Hodding Carter of the Delta-Democrat Times in Greenville, Mississippi, had mused at the comparison of the two incidents, that while Mr. Wallace "had seen the evil face of Fascism" in the eggs, Mr. Robeson said that he had believed New York immune to the exhibition of such shenanigans. But it had turned out not to be so, despite the presence of a thousand policemen at Peekskill.

Mr. Carter had further chided the New York Times for running a story without elaboration that the forthcoming Republican and Democratic primaries in Buffalo had centered on racial issues and personalities, that the Times had pulled up short in discussing racial antagonism in the state, whereas the Eastern newspapers spared no space to expound on racial politics in Mississippi, as when the late reactionary Senator Theodore Bilbo had held forth in the Senate. Nevertheless, Mr. Carter, though exhibiting a certain satisfaction at the regional leveling, had resisted making comparisons which would expunge the guilt of the South.

Mr. Ruark, as a former Southerner from North Carolina gone to reside in New York, tells of adopting a neutral stance on such matters. But he advises that unless the North behaved more graciously in public toward basic American freedoms, the "Kulture Konclave of the Klan" might visit them and "impress a little etiquette on the Northern barbarians." That branch, he adds, was apart from the barn-burning and lynching parts, only serving to advise the North of the lack of wisdom in throwing rocks when they lived in glass houses.

If you elect Conny Donny to be the next President in 2016, you're going to need Confederate dollars just to make it through the four years. You better think about the fact that this man is hiding his tax returns for a reason, probably because he is able to avoid paying taxes completely through various tax shelters. Can you?

And those shelters were developed out of his "small" million dollar gift from his slumlord daddy right out of college to start a business. Did you get such a gift? Did you then subsequently inherit from your daddy forty million smackers to nurture that business? If so, vote for Conny Donny. You'll perhaps feel right at home.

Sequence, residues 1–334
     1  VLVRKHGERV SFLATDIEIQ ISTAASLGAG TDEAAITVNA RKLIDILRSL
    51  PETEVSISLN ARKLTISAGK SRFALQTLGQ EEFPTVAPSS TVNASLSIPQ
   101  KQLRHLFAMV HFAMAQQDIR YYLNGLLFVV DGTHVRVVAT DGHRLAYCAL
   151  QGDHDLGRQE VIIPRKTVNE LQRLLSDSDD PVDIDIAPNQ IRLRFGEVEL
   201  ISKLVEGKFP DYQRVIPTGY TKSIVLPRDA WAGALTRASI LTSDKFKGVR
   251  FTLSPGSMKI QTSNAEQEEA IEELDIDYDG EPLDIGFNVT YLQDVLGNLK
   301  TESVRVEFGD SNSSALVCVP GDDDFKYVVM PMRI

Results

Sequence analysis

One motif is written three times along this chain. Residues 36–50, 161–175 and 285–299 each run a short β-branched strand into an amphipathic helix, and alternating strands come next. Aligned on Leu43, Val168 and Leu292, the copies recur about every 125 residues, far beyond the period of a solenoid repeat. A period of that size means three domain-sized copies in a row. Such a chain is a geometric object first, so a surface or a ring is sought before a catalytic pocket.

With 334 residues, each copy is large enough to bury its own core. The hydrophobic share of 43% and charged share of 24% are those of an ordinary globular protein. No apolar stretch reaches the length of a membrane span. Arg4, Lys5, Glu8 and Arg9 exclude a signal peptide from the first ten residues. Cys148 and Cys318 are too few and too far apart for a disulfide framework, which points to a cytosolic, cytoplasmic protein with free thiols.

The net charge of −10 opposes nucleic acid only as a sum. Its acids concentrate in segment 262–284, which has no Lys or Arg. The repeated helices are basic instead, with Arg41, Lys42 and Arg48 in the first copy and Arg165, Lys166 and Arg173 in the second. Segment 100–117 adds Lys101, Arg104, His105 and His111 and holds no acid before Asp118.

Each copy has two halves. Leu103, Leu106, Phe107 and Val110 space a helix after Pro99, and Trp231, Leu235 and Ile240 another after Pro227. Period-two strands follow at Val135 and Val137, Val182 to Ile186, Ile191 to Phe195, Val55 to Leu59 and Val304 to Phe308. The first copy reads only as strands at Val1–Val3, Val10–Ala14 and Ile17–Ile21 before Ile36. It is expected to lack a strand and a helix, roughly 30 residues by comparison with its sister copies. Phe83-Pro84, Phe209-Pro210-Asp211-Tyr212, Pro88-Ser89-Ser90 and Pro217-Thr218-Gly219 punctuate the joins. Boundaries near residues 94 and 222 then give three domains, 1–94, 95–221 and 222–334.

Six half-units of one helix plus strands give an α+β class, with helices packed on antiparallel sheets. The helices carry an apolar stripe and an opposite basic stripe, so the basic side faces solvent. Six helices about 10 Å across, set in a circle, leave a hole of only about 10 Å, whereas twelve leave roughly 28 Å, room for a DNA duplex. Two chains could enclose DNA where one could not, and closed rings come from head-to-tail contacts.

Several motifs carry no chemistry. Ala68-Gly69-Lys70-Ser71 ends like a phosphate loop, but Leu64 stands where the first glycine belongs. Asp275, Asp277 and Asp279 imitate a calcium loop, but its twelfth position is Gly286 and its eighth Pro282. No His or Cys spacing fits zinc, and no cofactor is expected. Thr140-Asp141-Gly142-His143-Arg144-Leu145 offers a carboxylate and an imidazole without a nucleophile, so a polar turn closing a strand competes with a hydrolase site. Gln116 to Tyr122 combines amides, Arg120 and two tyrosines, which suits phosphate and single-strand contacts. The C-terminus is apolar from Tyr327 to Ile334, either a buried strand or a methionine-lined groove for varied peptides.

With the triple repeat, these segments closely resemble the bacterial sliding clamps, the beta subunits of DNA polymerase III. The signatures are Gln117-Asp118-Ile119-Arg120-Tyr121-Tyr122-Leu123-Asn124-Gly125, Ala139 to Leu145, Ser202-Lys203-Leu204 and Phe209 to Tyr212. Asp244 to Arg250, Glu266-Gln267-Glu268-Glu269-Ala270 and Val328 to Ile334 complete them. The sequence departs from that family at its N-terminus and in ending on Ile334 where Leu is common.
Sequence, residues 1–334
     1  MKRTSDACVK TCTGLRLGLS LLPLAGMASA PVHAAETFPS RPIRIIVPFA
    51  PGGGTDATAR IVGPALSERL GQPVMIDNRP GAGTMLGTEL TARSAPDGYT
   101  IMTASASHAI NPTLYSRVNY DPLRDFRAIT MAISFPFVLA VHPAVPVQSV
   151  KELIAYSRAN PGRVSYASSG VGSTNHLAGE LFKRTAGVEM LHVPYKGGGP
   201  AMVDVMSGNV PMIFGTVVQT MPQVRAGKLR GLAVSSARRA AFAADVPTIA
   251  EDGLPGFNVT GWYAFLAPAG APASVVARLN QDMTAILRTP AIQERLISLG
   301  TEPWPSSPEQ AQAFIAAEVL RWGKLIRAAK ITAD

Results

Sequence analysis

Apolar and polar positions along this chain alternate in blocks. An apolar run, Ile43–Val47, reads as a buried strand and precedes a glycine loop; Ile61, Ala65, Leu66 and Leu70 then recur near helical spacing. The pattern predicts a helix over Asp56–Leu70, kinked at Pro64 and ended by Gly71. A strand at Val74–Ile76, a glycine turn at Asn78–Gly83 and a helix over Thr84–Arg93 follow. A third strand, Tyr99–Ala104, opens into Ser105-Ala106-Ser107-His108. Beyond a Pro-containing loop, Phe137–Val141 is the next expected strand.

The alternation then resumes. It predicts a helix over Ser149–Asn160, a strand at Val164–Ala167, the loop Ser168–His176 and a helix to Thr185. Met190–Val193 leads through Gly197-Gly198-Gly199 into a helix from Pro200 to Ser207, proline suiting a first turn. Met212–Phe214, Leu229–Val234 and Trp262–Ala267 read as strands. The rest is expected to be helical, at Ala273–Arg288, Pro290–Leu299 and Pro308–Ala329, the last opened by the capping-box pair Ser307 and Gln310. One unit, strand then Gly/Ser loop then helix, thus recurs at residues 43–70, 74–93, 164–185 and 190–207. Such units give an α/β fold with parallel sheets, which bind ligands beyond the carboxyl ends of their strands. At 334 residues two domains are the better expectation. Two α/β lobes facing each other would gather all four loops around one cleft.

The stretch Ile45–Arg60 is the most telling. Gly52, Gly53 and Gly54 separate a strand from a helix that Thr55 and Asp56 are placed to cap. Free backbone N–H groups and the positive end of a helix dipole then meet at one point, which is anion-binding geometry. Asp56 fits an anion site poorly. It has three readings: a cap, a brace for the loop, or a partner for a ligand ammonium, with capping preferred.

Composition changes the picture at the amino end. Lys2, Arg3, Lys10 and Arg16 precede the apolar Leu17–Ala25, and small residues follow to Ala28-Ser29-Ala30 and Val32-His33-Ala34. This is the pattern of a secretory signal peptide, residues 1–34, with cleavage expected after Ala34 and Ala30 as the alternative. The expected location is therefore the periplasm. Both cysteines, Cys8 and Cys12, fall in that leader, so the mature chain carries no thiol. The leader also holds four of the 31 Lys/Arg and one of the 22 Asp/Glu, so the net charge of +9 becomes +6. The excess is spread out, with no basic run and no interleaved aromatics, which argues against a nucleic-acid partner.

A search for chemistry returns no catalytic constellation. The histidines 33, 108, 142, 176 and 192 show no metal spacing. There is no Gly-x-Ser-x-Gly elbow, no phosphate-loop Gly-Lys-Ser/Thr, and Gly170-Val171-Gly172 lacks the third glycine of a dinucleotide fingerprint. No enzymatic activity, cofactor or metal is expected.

You want "change". So did the Germans in 1932, under far different, depressed economic and social conditions from those, relatively idyllic, which we enjoy in 2016 in the United States. Things did not turn out so well for the Germans for the ensuing 57 years.

A record you know, even if you do not always agree with it, is far better than a blank slate which is filled in, if at all, by tawdry business behavior, sleazy, admitted political bribes, treating people like objects in the way of self-aggrandizing development, just for starters. And how is he going supposedly to "fix" this "broken system" which he claims to deplore while exploiting it for all it's worth? He would appoint justices to the Supreme Court who would support the 5 to 4 Citizens United decision of 2010, which gutted McCain-Feingold campaign finance reform to allow unlimited corporate contributions to political campaigns through political action committees, premised on free speech of corporations, effectively trumping with money the right of individual free speech, which Conny Donny obviously deplores, ordering suppression of any hint of dissent at his rallies, encouraging violence to do so, just as with his Nazi-Fascist mentors. Realize that this creep is not on your side and never has been.

His Democratic opponent has spent her whole adult life working for people, starting in her earliest days out of law school working for the indigent in Arkansas, when she could have, later on, taken a rest on her laurels as First Lady, giving nice teas to foreign dignitaries. Instead, she worked to her peril of loss of popularity to try to effect universal health care, adopting for her role model as First Lady, Eleanor Roosevelt.

There is only one damn-Yankee carpetbagger of the traditional skunk stripe in this race and his name is not Clinton. He uses the same old classic race-baiting techniques of his ancestry of old, seeking to divide and conquer, when America was not so great, during Reconstruction, lasting, arguably, a hundred years, until the Kennedy-Johnson Administration, the New Frontier and the Great Society, changed all that into a Greater America, something he obviously now wishes completely to undo, retreating to the "America First" ideal of the 1920's, which led directly to the Great Depression and from that and worldwide depression in its chain, to World War II.

Vote for this little autocratic dictator, but don't blame us for the result, provided there is any result left about which to be concerned.

Max Harrelson, in Lake Success, N.Y., looks at the upcoming session of the U.N. General Assembly, informs that a focal point would be the Balkans situation, as the 1947 session had been dominated by Israel and the 1948 session, by the Berlin blockade.

The problems had been intensified by the conflict between the Vatican and the Communists and between the Cominform and Marshal Tito in Yugoslavia.

Russia might allege that Yugoslavia was threatening war against Albania. Already before the Assembly were the questions of treatment of churchmen in Bulgaria and Hungary, with Czechoslovakia likely to be drawn into the discussion. Human rights in Rumania was also on the table. And Albania, Bulgaria, and Rumania were charged with providing aid to the Greek guerrillas.

The presence of Andrei Vishinsky at the meeting showed that the Russians were anticipating a battle. Greece and Yugoslavia would also be represented by top diplomats. Albania, Bulgaria, and Rumania, though not members of the U.N., might be invited to participate in the debate. Greece appeared ready to inform the Assembly that it would invade Albania in self-defense should Communist-led guerrillas launch new attacks from Albania.

The "Better English" could have be but for the fact that they was not ready to have been made so: "My husband would have arrived, but he was too busy."; a-gi-le; babtize; tramps; butane.

People in the Southern Hemisphere, we glean from "Read and Remember", are upside down.